“Lexi has really started to settle in. She’s a solid player. I’ve always known that she was a solid player, but she’s really started to settle in, and play the way I know she’s capable of playing. And it goes right into — I have a complete team of young girls, and they all play really well together. They’re good friends on and off the court, and that helps,” Andrea Cabana said. “It’s very much a balanced team. We do have some leaders that obviously stand out, personality-wise, and statistically, but they really balance each other out. One player’s strength is another’s weakness.”
Bargesser and Cabana — who account for roughly 35 points per game — dominated Tuesday night, with Cabana knocking in 25 points, and Bargesser flirting with a triple double, posting 20 points, 10 assists and eight rebounds.
The Warriors led Vandercook Lake (1-12, 1-7 Cascades) 21-0 right out of the chute, 26-2 after one quarter, and 41-5 at the half, pushing the game over the running-clock limit early in the second half.
“We talk a lot about playing at our level. And we play at our level, both defensively and offensively, regardless of who we’re playing,” Andrea Cabana said. “We respect every team in this area — they all have a lot of strengths; some are definitely in rebuilding years, but they hall have strengths, and if you don’t come prepared, you can get beat by anybody.”
While games like Tuesday’s don’t prove a whole lot about how good the Warriors might become, it did extend their win streak to 10 games. Included in that was a 42-39 win on Feb. 1 over Michigan Center, a semifinalist in Class B last year that was unbeaten and ranked No. 1 in D3 at the time.
“I was happy with that. That got us back in the conversation of being a contender at the end of the season,” Andrea Cabana said. “That was one big thing that you saw the first round with Michigan Center was they are obviously very talented — I wouldn’t say they’re any deeper, but they’re extremely experienced. They went all the way to the semifinals last year, so that experience has just made them a team that will fight through anything, and you see that with the wins that they had — the overtime wins, and the wins they had at the beginning of the regular season.
“We don’t quite have that. The game with them gave us a taste of that, because that game, we controlled the whole time. We did tie at one point, but they never led the whole game. There were some highs and lows, but we controlled the flow the whole time, and I thought that was a really big step for them, for them being so young.”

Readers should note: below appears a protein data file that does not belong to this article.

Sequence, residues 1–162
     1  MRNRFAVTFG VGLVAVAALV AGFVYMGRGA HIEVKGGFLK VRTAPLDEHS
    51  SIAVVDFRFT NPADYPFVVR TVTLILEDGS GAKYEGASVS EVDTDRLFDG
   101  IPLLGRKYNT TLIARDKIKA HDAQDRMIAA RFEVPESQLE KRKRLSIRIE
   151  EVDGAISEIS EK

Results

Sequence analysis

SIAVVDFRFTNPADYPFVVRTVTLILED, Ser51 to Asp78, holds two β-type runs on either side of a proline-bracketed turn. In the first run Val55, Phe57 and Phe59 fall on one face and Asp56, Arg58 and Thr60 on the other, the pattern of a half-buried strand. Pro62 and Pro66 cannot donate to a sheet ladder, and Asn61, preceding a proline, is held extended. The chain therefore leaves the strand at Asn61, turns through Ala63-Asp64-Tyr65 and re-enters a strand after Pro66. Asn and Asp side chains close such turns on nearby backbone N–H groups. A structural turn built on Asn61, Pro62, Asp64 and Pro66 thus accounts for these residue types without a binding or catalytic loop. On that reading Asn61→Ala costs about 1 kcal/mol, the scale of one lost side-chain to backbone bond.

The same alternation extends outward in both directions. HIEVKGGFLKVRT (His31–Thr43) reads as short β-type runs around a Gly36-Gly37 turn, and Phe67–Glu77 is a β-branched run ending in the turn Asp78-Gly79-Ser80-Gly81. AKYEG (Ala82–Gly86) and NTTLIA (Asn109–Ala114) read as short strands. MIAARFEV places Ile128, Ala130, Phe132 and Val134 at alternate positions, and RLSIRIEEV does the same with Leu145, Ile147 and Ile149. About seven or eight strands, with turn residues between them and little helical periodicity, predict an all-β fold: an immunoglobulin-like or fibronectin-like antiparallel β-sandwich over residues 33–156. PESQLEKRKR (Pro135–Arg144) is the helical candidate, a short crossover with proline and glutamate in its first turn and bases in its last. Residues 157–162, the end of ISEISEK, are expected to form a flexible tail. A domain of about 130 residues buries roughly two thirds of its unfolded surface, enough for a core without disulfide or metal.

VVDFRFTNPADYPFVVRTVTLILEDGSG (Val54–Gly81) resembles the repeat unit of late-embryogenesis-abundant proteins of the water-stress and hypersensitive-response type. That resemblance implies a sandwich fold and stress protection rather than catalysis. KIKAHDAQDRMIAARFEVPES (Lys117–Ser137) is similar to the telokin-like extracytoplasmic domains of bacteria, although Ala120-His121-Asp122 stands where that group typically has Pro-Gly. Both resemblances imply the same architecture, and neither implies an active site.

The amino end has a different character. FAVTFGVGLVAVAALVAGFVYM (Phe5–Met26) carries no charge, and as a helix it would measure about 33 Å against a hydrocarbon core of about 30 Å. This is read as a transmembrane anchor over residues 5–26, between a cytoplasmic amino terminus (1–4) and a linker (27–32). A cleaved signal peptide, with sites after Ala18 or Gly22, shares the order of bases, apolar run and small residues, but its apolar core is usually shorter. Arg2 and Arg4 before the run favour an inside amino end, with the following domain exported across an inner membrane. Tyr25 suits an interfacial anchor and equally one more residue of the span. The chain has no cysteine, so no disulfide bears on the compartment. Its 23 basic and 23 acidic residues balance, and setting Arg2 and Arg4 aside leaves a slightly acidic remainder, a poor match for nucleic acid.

It said as much about the Warriors’ growth as the 27-point road loss to the Cardinals back in early December.
“We were actually up on Center in the first game — it was almost identical — up by nine, right out of the gates. Then Center went on a run, and we kind of went on a lull, and the young ones — we didn’t handle that very well. Instead of fighting back and understanding it’s a game of runs … And that did surprise me. Especially the girls that I had all summer long, they understand that. But this is obviously very different. There’s different types of pressures in the high school gym than there are in the exposure world,” Andrea Cabana said. “The gyms are packed, the fans are loud, there’s a band — it’s just a total different thing. They beat us bad the first time around, and they shouldn’t have. It should be neck-and-neck. And that’s what it was here.”
Now tied atop the conference standings with one loss each, Michigan Center has four remaining league games, while Grass Lake has five.
If both hold serve, it would be a second league title — the Warriors finished tied for second last year — in Cabana’s three seasons on the bench, after two shared titles (1993 and 2012) in the previous 30 seasons.
“There’s potential,” the coach said. “The potential is there, but it’s just who shows up, obviously.”